Berlioz took it upon himself to impose a storyline on his Roman Carnival overture, an example of the programmatic musical style that he championed. It can be hard to hear much plot in a piece that sounds designed to exploit every bell and whistle in an orchestra’s arsenal. There were moments where something more than pure music was evident, though—the extended English horn solo line at the very beginning, played sensitively here by Elizabeth Starr Masoudnia, gives voice to the thrill of young love; and the heavy presence of timpani suggests a carnival of chaos. Payare had the corps playing brilliant, ringing tuttis, but the overall impact was one of technique rather than passion.

Expect a quick return

Bancks’s Clarinet Concerto highlighted the skill and artistry of Ricardo Morales, the orchestra’s principal clarinetist. Across three movements that unspool in a single, unbroken stream, Morales shifted effortlessly from punchy staccato notes to luscious legato, which devolved often into bebop-like distortions of melody. He handled everything the composer threw at him with absolute poise, but more importantly, he produced a truly gorgeous sound, chestnut-colored and pliable to the music’s needs.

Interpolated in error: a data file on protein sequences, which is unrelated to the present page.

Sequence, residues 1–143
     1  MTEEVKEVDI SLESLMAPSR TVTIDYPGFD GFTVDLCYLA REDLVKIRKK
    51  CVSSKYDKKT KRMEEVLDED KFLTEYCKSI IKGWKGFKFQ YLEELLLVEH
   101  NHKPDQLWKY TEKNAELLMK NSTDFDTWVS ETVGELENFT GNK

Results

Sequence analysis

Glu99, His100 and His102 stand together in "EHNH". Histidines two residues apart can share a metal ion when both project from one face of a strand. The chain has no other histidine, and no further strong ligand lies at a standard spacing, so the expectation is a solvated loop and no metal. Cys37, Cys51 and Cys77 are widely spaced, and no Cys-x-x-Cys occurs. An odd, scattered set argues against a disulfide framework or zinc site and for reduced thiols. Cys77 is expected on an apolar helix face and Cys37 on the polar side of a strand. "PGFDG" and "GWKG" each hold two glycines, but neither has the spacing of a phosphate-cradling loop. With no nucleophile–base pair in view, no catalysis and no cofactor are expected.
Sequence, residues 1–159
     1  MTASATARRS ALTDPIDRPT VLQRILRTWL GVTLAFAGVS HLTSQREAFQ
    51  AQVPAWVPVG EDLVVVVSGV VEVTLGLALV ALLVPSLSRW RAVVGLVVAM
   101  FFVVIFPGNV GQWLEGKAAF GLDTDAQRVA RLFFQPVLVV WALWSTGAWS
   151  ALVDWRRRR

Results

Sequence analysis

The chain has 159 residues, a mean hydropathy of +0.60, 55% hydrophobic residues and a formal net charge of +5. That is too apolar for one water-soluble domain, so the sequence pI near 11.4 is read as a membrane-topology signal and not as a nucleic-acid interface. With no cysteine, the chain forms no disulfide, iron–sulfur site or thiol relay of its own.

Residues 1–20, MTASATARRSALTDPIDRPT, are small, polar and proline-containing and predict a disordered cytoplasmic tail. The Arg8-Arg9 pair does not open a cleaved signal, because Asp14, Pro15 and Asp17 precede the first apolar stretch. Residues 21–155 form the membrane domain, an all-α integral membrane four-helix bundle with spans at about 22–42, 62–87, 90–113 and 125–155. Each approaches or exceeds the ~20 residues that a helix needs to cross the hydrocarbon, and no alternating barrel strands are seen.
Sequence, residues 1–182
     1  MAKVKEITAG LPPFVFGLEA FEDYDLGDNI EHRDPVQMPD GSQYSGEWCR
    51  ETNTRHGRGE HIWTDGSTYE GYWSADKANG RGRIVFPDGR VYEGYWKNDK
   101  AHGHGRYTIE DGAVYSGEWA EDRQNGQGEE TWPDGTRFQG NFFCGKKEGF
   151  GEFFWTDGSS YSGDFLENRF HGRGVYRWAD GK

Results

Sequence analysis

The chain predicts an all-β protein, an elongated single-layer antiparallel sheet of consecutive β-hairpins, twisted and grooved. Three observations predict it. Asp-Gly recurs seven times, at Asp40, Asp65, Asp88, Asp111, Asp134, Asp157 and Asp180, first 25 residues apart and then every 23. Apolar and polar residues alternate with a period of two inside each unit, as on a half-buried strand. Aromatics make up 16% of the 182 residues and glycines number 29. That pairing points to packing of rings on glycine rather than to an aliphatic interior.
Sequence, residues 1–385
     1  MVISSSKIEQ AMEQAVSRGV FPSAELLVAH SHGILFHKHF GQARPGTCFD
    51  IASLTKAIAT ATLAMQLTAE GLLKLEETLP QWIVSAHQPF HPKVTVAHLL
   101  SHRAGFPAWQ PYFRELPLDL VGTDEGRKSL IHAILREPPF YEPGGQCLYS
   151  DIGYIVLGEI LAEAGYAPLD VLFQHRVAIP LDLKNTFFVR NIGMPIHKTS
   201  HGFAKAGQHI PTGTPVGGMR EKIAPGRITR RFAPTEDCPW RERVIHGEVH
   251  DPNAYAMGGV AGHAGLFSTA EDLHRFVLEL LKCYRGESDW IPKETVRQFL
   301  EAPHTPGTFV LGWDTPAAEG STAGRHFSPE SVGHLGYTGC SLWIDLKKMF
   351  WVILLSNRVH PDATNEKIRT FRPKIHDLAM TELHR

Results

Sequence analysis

Rather than traditional markings, Bancks gave each of the movements a title. The inner movement, “Tender,” is the most distinctive, with Morales’s mellow sound soaring above a cascade of shimmering, almost Straussian strings. The other two movements, “Unruly” and “Defiant,” shared a frustrating sameness that was buffeted by agitated, discursive percussion. The 25-minute work could easily lose half its length and make the same impression. Payare, too, could do more to draw out the subtle differences.

Although the evening felt occasionally tedious to me, I was clearly in the minority. The audience leapt to its feet after each selection, and Payare earned the kind of ecstatic ovations usually reserved for beloved hometown maestro Yannick Nézet-Séguin. I expect he’ll be invited back, and quickly. I hope next time he’ll think more outside the box.

What, When, Where

The Philadelphia Orchestra. Rafael Payare, conductor. Ricardo Morales, soloist. Berlioz, Roman Carnival overture; Bancks, Clarinet Concerto; Dvořák, Symphony No. 7 in D Minor. $10-$169. November 11-13, 2021, at the Kimmel Center’s Verizon Hall, 300 S. Broad Street, Philadelphia. (215) 893-1999 or philorch.org.

The Kimmel Center requires all attendees aged 12 years or older to be fully vaccinated against Covid-19. Attendees aged younger than 12 years must provide a negative test taken within 72 hours of the performance. Masks are required at all times. Seating is not distanced.

Accessibility

The Kimmel Center is an ADA-compliant venue. Patrons can purchase wheelchair seating or loose chairs online by calling Patron Services at (215) 893-1999, or by emailing [email protected]. With advance notice, Patron Services can provide options for personal care attendants, American Sign Language, Braille tickets and programs, audio descriptions, and other services.

Sign up for our newsletter

All of the week's new articles, all in one place. Sign up for the free weekly BSR newsletters, and don't miss a conversation.

Join the Conversation